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    GROUNDWATER LICENSING IS A CRISIS IN THE MAKING: “Groundwater licensing is a serious issue. In case one thinks this is a partisan political issue, remember it was before the NDP was elected as government, it was the BC Liberal government that brought in this modernization of the Water Act,” wrote David Zirnhelt, newspaper columnist in small town BC and former provincial cabinet minister (May 2021)


    “It has been since the 1990s that local areas experiencing shortages or conflicts over water, could apply to have a licensing area established and ground water rights governed in that area. The reason this enabling legislation was enacted then was that under Canadian law, unless there was a regulatory regime (acts and regulations) for water, there could not be a restriction on the export of water from the province. This meant that a groundwater well could be pumped for export out of B.C. There was a real fear that the demand for safe water would create a rush on the use of water for export,” stated David Zirhhelt.

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    GROUNDWATER LICENSING IN BRITISH COLUMBIA: “The Water Sustainability Act removed the wild west free-for-all that had prevailed when capturing groundwater under common law was deemed a right,” stated Donna Forsythe, a former civil servant in the Ministry of Environment and Climate Change Strategy, in an Op-Ed published by the Vancouver Province newspaper and co-authored with Mike Wei and Ben Parfitt (June 2021)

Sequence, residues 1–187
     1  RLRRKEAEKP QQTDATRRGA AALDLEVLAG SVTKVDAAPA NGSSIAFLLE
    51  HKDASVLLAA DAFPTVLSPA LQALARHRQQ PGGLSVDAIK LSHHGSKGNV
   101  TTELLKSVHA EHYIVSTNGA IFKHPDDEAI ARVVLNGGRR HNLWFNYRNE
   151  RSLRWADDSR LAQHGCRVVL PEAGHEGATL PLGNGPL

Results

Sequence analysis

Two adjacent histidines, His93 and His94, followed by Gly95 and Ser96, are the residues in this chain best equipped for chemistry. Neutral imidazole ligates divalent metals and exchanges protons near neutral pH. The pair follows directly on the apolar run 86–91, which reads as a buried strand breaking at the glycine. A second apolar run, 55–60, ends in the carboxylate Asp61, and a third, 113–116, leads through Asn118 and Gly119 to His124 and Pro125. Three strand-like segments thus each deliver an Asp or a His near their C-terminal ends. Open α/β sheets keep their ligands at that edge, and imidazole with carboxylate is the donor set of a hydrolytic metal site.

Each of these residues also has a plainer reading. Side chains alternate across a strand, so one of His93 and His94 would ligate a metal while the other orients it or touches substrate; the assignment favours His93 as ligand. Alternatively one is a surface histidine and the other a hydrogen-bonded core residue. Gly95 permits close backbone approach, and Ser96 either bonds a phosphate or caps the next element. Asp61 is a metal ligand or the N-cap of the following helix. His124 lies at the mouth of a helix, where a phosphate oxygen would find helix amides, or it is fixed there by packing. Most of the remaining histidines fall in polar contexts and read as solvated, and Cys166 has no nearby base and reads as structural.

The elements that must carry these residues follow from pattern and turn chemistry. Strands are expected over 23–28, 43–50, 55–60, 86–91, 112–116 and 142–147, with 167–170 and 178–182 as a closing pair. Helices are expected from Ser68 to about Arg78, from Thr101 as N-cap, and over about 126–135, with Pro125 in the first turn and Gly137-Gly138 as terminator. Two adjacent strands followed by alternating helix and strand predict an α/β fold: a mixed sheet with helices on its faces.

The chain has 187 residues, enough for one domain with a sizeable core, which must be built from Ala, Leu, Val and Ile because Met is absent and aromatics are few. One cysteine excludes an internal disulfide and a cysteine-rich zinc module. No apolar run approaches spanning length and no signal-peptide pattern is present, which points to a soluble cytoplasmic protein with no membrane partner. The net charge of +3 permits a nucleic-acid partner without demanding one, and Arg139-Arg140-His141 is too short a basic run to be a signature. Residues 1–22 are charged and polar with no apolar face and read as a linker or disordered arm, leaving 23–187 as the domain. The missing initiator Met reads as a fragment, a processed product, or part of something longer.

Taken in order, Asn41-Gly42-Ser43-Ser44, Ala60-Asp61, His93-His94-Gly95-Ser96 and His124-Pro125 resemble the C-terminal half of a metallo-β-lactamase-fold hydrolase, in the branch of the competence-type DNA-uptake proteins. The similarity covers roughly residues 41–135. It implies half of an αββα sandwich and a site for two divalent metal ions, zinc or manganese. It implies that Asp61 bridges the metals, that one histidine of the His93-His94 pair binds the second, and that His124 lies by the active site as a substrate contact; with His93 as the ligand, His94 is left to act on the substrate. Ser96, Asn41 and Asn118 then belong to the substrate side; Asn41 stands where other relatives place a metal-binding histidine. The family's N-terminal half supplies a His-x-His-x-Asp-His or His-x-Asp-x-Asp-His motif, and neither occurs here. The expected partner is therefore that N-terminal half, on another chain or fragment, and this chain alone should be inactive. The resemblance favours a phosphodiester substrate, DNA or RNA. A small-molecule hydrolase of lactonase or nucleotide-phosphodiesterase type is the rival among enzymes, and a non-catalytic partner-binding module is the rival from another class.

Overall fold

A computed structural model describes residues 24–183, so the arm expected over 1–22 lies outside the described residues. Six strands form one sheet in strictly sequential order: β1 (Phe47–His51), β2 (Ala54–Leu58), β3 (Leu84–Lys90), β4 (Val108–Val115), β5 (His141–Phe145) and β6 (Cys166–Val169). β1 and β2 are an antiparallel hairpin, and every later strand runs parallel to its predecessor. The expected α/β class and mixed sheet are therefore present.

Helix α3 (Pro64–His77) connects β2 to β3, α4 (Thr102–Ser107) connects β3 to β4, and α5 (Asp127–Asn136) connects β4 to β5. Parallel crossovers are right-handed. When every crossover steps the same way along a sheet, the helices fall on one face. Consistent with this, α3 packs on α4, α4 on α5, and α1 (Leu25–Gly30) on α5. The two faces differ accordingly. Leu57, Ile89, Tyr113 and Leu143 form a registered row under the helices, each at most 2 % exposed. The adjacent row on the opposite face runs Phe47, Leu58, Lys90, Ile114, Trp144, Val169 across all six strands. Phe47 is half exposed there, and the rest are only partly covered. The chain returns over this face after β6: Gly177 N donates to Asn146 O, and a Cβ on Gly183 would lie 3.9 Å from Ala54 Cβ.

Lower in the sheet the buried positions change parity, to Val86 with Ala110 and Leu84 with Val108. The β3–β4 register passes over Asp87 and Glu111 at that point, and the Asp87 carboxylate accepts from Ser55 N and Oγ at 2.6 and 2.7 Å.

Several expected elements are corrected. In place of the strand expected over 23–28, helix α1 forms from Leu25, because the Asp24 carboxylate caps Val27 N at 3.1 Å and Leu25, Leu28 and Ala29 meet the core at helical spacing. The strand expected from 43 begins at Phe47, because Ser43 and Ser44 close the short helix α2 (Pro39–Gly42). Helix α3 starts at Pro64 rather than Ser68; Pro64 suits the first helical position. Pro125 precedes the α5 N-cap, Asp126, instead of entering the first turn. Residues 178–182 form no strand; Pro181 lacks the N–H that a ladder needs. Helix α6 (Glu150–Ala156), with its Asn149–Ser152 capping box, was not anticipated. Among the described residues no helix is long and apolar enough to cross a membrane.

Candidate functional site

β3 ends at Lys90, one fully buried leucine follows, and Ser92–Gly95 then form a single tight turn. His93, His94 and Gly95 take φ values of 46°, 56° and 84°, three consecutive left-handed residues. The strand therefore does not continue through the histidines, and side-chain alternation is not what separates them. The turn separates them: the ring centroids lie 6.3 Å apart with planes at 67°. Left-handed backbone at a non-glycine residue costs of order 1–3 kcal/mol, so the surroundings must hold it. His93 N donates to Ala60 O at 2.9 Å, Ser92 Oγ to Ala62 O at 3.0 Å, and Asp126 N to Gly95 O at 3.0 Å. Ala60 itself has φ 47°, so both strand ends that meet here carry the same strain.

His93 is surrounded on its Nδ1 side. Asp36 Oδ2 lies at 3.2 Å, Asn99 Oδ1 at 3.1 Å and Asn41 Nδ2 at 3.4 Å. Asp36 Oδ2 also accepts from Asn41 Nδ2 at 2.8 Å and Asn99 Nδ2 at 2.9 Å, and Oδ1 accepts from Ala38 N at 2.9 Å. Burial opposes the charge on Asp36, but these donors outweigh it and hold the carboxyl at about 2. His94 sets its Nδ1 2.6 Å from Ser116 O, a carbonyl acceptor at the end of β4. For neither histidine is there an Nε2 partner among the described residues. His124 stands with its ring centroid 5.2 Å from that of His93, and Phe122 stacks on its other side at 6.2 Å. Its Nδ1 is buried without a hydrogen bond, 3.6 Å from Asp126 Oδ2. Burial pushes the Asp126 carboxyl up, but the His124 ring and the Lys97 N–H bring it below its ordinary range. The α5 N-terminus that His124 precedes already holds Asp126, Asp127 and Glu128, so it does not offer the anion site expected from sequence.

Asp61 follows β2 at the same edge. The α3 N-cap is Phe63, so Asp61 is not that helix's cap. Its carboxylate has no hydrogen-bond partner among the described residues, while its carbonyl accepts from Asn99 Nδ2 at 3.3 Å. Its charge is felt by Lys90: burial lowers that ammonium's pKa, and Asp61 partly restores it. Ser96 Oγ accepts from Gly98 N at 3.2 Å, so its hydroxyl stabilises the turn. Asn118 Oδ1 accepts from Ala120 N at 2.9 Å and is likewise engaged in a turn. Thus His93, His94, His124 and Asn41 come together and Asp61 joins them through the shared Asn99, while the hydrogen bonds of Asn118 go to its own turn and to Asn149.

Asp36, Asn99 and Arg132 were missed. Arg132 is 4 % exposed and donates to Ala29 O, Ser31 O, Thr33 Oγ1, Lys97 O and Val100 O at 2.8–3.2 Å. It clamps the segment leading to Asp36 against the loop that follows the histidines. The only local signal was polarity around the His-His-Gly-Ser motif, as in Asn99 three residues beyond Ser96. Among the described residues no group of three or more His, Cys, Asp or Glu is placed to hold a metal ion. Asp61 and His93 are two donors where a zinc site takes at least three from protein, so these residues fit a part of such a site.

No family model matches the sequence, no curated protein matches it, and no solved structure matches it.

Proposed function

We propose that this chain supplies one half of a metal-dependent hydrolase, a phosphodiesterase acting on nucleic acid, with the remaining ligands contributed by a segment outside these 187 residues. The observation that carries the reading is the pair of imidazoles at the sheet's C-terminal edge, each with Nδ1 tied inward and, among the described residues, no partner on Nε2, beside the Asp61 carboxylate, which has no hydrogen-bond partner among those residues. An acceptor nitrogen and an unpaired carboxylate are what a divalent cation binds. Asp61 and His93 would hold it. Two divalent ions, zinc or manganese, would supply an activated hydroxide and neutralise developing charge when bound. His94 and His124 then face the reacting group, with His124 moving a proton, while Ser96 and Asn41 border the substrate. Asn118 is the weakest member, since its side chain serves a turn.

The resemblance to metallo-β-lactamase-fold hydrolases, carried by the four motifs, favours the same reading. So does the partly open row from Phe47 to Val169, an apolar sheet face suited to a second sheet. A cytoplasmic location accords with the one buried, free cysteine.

“The old regime effectively ignored the risks of aquifers being depleted and groundwater pumping affecting stream flows. Now, groundwater users play by the same rules as surface users who withdraw water from rivers, streams and lakes and have long been required to have licences. The new law exempts homeowners using well water or groundwater for domestic purposes from applying for licences, but requires all “non-domestic” groundwater users — mining companies, pulp and paper companies, farmers, water bottlers and others — to do so,” stated Donna Forsythe.